The meaning of music
An after-school program is saving Tulsa’s youth, one song at a time.
Harmony Project Tulsa’s master teaching artists, Kathy Rad and Michael Nicholson, teach after-school music lessons to students ages 4-10. Studies have shown that programs like HPT improve children’s cognitive abilities and their social, psychological and academic skills.
It’s no secret that arts in public schools are at risk — and so are many of the students.
One local organization is on a mission to bring music back to local schools, while helping students who might need music the most.
Harmony Project Tulsa (HPT) is an after-school mentoring program that provides violins, cellos and music lessons to more than 50 local students ages 4-10.
“They have a place to stay until after dinner,” says Kathy Rad, HPT program director and one of two master teaching artists for the program. “They get all their homework done, practice on their instruments and many get nourishment free of charge.”
Started in 2001 by Dr. Margaret Martin in Los Angeles, Harmony Project has served thousands of low-income youth and has been awarded numerous accolades, including two awards from President Barack Obama.
Tulsa became one of seven Harmony Project affiliate cities about two years ago, when Rad was education outreach director for the Tulsa Symphony. She was alarmed by the number of music programs being cut in local schools and launched HPT in response.
“She is one of the most dedicated musicians — but dedicated to kids,” says Kathy LaFortune, HPT board member.
The reasons behind Rad’s passion are the life-changing benefits of programs like HPT that have little to do with music itself.
Music programs are proven to improve students’ academic performance, according to a 2012 report from the National Center for Education Statistics.
A study by Dr. Nina Kraus, principal investigator at the Auditory Neuroscience Lab at Northwestern University, found that over time, learning music forges the development of the brain and nervous system in a way that improves students’ ability to learn and comprehend language. Music also improves a student’s ability to listen in a noisy environment and decipher important information.
“There are so many benefits academically from doing this, and, of course, the social benefits,” Rad says. “We’re not out to make Carnegie Hall musicians, but some of them could be.”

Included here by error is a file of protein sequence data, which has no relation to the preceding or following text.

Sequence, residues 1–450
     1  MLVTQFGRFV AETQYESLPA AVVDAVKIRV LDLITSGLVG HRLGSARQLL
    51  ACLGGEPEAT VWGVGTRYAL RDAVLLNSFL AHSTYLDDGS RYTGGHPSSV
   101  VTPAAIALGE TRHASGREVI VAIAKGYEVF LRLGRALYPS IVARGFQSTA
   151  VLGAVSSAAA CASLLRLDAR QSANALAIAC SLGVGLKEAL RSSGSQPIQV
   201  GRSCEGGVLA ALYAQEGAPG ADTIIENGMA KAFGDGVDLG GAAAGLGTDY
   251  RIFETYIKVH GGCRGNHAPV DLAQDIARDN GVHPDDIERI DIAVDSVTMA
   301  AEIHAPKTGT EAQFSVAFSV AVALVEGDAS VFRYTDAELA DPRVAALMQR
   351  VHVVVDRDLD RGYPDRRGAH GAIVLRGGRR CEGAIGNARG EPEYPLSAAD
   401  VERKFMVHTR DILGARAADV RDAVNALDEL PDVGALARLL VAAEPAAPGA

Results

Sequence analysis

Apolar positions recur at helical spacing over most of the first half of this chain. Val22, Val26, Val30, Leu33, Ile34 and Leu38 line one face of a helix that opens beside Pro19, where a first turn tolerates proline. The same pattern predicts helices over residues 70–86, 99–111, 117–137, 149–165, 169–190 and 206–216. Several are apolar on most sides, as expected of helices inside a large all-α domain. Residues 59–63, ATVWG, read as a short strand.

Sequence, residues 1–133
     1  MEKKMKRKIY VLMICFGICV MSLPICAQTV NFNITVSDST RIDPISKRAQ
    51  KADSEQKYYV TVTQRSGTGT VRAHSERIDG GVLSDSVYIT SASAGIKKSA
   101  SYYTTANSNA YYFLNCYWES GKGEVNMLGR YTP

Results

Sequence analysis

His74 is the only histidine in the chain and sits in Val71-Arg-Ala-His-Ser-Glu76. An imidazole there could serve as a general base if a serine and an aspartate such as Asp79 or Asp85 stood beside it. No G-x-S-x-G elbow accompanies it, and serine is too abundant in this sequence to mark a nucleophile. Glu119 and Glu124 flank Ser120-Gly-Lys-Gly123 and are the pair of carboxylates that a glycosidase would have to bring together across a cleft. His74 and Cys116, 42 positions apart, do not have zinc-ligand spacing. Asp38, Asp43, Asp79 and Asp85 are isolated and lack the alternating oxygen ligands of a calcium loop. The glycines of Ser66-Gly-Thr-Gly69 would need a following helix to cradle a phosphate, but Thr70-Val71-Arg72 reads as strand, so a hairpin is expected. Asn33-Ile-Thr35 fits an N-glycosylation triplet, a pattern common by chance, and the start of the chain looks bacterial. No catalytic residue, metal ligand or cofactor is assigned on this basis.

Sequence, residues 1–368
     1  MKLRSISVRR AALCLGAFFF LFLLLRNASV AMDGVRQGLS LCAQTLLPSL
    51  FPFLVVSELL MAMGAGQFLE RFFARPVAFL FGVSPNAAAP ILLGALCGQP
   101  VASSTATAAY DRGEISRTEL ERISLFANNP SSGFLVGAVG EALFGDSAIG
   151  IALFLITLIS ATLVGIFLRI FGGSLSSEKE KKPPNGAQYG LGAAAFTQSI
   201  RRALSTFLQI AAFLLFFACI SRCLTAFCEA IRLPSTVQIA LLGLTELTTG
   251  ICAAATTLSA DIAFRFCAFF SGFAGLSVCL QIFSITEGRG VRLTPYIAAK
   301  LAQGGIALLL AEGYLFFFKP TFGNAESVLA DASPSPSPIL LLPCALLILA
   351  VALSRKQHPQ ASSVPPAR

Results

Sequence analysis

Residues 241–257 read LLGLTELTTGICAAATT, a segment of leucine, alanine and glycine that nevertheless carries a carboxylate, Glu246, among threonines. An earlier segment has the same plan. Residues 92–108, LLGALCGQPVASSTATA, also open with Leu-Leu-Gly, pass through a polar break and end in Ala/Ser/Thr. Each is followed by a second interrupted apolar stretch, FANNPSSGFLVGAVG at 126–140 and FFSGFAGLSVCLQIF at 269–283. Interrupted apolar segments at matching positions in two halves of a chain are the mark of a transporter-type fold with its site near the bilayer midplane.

“Music is what kept me focused and grounded,” says Michael Nicholson, who is passing on those gifts as an HPT master teaching artist. “Even before I decided to make my career out of music, it was something that made me excited to get up and go to school.
“Getting these kids at a young age, like we do, sets them up for higher concentration, focus and commitment.”
There is no shortage of interest in HPT; Rad says there is a perpetual waiting list.
“Every school I go to actually wants to have this program at their school, too. They want it. We just have to find a way to make it happen,” says Rad, who also teaches orchestra at Will Rogers High School and four elementary schools. “We’d like this to be replicated in as many places as possible. First, in every school in Tulsa Public Schools as an after-school program.”
The challenge is funding.
HPT is supported, in part, by the Tulsa Symphony and the George Kaiser Family Foundation. It is in the process of becoming a stand-alone nonprofit.
LaFortune, for one, believes the investment in HPT is essential.
“We have these underserved children who are not able to focus and not able to concentrate” because many times their basic needs are not met, she says. “They get behind early on, and they’re not able to catch up. What Harmony Project does through music is it forces the brain to listen to those around you, which improves social, psychological and academic skills.
“It is not just another music program. It’s a mentoring program that utilizes music to help these kids develop their brains.”
Visit www.harmonyprojecttulsa.org for more information on the organization and upcoming events.